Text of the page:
"Hazardous" AQI is greater than 300. This would trigger a health warnings of emergency conditions. The entire population is more likely to be affected.
LEARN MORE: Smog alerts in Atlanta: Understanding code red, code orange air quality warnings | Check today’s Air Quality Index for Atlanta
Summer travel, construction and the intense heat has brought the air quality to its most dangerous level yet this year, Channel 2 Action News chief meteorologist Glenn Burns said.
A Code Purple smog alert was issued Friday evening.
The weekend weather will continue be hot and humid.
Highs are expected to reach 92 degrees Saturday, 93 degrees Sunday and 94 degrees Monday in Atlanta — making them some of the warmest temps yet in 2016.
Temperatures were 92 degrees in Atlanta, 87 degrees in Blairsville and 93 degrees in Griffin just before 6:45 p.m.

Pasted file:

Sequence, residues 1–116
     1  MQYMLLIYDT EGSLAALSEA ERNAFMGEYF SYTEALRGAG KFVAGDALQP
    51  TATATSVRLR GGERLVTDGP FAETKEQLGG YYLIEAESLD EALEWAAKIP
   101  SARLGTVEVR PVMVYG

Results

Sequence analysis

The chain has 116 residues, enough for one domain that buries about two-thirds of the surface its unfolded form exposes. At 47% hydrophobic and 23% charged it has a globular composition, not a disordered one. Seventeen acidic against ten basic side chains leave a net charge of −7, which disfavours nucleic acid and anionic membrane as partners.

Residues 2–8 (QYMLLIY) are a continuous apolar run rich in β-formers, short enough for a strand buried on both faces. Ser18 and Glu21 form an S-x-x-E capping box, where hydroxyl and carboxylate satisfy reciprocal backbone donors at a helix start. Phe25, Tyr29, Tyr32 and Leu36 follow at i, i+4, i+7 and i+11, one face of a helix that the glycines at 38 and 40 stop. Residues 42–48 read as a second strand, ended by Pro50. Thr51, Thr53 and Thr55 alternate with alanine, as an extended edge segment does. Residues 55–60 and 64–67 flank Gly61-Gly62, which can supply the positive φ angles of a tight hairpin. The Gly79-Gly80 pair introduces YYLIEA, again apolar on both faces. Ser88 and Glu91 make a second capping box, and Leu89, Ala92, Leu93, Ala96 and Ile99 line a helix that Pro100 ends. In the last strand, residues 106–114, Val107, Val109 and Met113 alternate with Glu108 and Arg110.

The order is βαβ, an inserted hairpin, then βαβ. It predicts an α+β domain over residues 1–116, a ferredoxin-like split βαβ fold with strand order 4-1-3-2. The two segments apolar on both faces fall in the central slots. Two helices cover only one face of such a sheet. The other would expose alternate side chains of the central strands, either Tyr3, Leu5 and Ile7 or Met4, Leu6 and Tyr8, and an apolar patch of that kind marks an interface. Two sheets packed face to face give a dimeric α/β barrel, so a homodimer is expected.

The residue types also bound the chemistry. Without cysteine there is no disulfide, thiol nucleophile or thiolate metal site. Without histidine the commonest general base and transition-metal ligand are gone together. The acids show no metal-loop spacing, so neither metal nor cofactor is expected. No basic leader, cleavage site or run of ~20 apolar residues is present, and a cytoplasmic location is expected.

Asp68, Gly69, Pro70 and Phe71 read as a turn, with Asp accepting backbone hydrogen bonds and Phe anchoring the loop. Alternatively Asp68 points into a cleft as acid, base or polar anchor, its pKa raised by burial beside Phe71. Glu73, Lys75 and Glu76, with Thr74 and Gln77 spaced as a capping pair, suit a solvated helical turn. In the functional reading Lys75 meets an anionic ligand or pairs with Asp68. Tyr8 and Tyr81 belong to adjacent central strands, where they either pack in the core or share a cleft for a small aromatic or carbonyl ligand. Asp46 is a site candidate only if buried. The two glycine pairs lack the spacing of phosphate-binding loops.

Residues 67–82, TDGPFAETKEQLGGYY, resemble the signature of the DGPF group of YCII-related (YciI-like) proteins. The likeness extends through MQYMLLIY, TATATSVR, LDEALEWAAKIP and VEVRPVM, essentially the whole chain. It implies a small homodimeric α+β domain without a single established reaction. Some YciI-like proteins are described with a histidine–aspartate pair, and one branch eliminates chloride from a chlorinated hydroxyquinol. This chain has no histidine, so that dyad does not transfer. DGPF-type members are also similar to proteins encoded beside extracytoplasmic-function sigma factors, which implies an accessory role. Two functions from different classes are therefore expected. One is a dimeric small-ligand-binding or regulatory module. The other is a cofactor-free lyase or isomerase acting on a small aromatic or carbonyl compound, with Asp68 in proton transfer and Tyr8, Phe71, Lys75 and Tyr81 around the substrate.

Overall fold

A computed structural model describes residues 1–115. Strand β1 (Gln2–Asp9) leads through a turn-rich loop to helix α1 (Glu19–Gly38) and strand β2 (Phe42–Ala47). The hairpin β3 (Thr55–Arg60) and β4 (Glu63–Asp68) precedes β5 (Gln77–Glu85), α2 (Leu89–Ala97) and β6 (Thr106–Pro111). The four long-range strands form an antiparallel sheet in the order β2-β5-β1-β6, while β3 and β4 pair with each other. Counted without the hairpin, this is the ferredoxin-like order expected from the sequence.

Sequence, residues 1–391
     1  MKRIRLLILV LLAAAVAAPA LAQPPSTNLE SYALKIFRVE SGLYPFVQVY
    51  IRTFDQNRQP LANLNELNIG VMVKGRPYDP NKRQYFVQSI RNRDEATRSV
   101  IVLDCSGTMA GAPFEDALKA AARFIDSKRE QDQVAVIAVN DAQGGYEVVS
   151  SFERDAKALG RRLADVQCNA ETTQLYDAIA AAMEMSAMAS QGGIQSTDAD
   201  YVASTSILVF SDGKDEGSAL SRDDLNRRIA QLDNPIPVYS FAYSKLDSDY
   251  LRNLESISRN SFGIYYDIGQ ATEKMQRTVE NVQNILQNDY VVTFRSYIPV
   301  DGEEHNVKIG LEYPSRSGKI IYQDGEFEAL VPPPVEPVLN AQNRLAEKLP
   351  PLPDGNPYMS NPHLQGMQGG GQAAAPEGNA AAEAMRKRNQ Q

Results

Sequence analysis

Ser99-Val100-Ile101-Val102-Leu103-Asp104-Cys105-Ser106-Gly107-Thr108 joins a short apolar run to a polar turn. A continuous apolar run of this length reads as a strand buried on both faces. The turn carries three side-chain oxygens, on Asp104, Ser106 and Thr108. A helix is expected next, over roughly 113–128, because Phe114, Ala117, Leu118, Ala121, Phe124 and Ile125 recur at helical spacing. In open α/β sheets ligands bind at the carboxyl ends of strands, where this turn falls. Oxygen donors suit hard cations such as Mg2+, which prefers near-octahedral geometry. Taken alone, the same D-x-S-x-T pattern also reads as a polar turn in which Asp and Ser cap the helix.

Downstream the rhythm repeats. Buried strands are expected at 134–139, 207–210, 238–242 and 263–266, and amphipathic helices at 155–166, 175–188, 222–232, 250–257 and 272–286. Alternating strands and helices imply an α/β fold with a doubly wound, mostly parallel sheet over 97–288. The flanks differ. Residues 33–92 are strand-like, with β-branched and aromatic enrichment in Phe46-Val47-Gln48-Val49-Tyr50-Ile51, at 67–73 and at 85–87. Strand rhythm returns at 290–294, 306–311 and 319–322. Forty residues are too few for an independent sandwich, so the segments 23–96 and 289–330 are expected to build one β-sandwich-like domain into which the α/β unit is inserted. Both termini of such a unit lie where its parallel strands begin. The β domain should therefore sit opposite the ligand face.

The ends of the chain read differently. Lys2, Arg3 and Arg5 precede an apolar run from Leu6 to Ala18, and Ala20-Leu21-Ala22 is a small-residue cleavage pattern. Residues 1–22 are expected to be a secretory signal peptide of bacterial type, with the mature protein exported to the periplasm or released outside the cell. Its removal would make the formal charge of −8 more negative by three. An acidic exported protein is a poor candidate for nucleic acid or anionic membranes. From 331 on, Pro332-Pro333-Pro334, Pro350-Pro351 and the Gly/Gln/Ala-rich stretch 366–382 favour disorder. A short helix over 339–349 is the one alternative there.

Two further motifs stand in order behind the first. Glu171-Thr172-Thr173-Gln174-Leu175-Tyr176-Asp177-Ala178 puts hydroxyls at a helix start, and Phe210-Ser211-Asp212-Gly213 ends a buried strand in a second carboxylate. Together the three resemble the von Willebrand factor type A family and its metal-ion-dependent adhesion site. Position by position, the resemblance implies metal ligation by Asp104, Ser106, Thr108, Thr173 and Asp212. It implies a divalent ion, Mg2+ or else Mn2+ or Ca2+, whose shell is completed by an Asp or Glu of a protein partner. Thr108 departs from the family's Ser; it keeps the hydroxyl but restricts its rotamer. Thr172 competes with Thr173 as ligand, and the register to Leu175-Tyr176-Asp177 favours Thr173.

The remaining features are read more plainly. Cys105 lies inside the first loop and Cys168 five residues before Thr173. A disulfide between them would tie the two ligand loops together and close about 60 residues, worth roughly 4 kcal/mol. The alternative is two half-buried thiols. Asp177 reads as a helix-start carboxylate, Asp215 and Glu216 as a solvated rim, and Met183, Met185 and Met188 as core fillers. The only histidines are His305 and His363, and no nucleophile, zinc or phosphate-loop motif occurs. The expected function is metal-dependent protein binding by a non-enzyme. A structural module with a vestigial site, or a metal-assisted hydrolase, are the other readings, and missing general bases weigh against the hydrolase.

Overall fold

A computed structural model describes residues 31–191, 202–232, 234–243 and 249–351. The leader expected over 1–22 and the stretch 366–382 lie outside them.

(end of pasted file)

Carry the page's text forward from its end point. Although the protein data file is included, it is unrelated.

And humidity may not be the only form of moisture the metro area gets.
A slight chance of rain will go into effect Saturday and remain through Monday, but the best chance of storms isn’t until Tuesday.
Little rain and 90-degree weather, though seemingly pleasant for those anxiously awaiting summertime temps, may not be the best news for the region.
Metro Atlanta is experiencing a moderate drought, and drought conditions are more severe in northwest Georgia — not to mention air quality issues that often come with the heat — Channel 2 meteorologist Katie Walls said.
Smog alerts have been increasing over the last few months because temperatures have been on the increase. Smog forms when certain pollutants combine with heat and sunlight.
“Just as we hit that code orange [alert] yesterday, once again the Georgia Environmental Protection Division has issued a code orange again for the metro,” Walls said. “That means air quality this afternoon will be unhealthy for sensitive groups.”
The alert, one of several smog warnings this year, warns children, teenagers, elderly adults and people with lung disease or asthma to reduce prolonged or heavy exertion outdoors.
"Watch for symptoms such as coughing or shortness of breath," according to a post from the Environmental Protection Agency.